Musings From A Military Welding Manual Part 1

Musings From A Military Welding Manual Part 1

Not long ago after rummaging through the library of my father, I found a United States War Department “Technical manual and Instruction Guide:  Welding Theory and Application, TM 9-2852.”  It was dated June 3 1943.  It was in good but worn shape.  After thumbing through it I found a gold mine of wisdom and practical information, that seems to be long lost in modern primers written on the topic of welding.   Long gone is the ability of people to write manuals that people can simply and clearly understand like this one.   This Military manual cuts through the layers of convolution found in so many welding manuals today.   I thought it would be interesting to share some basic points of welding found in this manual and make a few of my own thoughts and comments along the way. Of course, the 7018 hadn’t been invented yet, though there were similar rods available (to be discussed later), and definitely welding research has come a long way, but the basics shine through so clear and uncomplicated.  I can’t help but think a few others will find these just as interesting and refreshing to highlight this  information as I have. 

The first section starts with an overview safety and of basic types of metal, and basic metallurgical principles.  Where else would a good primer on welding begin?  Start with a basic and broad understanding of safety and metals before tackling any real instruction on the joining of them and you are well on your way to becoming a real welder.  One of the highlights deals with the actual manufacture of iron and steel, and the process used to produce iron, though the process has been updated in recent years.  But the safety section is a little thin.  The additional advancements in welding safety practices and personal protective equipment have come a long way from the pitiful 3 ¼ pages dedicated to it in this lengthy manual.  Times and philosophy have changed from the time the US Military recommends cleaning fuel tanks with Carbon Tetrachloride or “other inflammable chlorinated hydrocarbons” before welding.  They do warn that the vapors are poisonous and a gas mask should be worn as a “precautionary measure” if being exposed to the fumes.  It’s definitely not something I would bet my life on these days as it is now known that even the smallest amount of exposure can cause significant damage to your health or even death.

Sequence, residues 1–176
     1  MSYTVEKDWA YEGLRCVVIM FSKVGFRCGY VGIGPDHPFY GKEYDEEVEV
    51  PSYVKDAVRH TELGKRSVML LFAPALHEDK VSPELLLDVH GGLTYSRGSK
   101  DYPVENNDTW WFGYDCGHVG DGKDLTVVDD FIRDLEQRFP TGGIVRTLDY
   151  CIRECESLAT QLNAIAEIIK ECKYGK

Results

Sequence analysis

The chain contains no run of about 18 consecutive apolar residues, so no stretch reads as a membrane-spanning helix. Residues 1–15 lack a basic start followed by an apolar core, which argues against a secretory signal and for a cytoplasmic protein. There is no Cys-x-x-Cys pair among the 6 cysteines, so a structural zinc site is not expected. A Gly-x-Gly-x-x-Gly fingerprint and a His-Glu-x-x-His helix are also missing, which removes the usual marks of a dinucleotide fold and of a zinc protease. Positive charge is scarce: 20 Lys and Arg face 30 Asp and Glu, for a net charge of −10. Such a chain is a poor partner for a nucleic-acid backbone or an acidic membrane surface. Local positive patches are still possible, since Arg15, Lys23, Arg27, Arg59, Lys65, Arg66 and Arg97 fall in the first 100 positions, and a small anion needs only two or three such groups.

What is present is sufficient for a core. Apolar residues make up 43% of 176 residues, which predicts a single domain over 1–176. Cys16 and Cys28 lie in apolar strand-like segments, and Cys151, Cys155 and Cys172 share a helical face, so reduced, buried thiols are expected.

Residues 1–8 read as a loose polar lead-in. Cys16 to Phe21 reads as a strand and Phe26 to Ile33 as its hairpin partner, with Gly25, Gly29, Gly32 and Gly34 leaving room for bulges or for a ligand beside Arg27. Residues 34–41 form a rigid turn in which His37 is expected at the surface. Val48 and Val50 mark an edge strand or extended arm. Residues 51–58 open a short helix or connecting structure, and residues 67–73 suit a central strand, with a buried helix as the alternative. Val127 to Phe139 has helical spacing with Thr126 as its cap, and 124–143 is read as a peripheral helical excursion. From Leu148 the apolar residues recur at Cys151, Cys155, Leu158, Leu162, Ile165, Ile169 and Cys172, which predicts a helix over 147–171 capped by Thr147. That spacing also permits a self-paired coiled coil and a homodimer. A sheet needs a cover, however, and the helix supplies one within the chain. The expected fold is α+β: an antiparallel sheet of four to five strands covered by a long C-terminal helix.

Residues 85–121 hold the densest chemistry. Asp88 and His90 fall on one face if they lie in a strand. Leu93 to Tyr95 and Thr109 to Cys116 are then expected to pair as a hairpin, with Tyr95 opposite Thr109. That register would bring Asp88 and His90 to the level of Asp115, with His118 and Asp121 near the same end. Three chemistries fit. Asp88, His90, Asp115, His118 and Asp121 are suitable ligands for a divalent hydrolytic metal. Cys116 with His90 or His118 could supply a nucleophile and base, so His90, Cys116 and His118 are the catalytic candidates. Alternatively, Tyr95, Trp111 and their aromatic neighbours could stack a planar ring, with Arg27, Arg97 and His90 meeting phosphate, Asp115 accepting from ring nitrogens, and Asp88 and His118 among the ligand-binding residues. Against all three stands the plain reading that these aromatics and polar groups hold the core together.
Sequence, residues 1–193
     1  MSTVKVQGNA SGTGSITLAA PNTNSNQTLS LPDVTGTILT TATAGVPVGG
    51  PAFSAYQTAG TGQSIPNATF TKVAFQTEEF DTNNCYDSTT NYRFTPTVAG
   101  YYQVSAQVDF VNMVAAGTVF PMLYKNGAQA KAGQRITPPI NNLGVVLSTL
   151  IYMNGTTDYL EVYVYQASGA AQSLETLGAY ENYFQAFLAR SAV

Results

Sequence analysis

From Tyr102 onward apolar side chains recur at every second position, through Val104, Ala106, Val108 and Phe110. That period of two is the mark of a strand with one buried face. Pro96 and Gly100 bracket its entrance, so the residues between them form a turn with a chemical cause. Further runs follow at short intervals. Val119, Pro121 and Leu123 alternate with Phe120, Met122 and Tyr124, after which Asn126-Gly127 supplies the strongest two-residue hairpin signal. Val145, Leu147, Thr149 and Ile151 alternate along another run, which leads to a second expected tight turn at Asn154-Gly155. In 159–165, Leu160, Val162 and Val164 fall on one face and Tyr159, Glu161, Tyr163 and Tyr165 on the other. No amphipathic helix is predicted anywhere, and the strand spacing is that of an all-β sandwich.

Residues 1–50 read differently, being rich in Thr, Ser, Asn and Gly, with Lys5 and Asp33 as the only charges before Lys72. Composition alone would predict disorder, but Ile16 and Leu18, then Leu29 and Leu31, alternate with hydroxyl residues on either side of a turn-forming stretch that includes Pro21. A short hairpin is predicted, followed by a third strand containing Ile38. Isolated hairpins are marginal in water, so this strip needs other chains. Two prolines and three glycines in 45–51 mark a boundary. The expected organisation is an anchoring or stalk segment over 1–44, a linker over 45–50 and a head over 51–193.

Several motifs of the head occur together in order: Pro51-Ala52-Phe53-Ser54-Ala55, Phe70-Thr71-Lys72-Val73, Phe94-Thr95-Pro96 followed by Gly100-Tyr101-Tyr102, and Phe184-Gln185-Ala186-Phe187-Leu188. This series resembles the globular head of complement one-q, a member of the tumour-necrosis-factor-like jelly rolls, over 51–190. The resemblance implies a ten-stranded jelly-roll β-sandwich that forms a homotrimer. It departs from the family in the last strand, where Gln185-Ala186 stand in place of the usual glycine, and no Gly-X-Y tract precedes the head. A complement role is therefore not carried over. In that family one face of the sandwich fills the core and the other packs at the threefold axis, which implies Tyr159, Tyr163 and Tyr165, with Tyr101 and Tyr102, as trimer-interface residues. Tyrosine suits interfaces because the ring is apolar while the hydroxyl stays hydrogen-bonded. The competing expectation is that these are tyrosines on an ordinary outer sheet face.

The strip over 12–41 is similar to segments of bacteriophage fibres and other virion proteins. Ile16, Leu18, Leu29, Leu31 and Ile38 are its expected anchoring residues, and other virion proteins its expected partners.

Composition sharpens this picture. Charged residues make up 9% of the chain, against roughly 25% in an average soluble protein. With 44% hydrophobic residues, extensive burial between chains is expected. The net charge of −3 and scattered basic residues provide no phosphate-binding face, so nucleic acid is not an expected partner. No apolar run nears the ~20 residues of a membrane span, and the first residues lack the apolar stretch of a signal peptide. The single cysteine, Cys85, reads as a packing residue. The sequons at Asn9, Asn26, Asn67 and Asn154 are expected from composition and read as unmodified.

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After the thumb via it I got a piece of gold of help and great facts, which looks to have been forgotten a long time in modern primaries inscribed on the title of welding. Did he try today. Of late the ability of people to write scripts that can be easily and easily understood by a person like this. This military guidebook cut off the layers of evolution found in many modern manuscripts.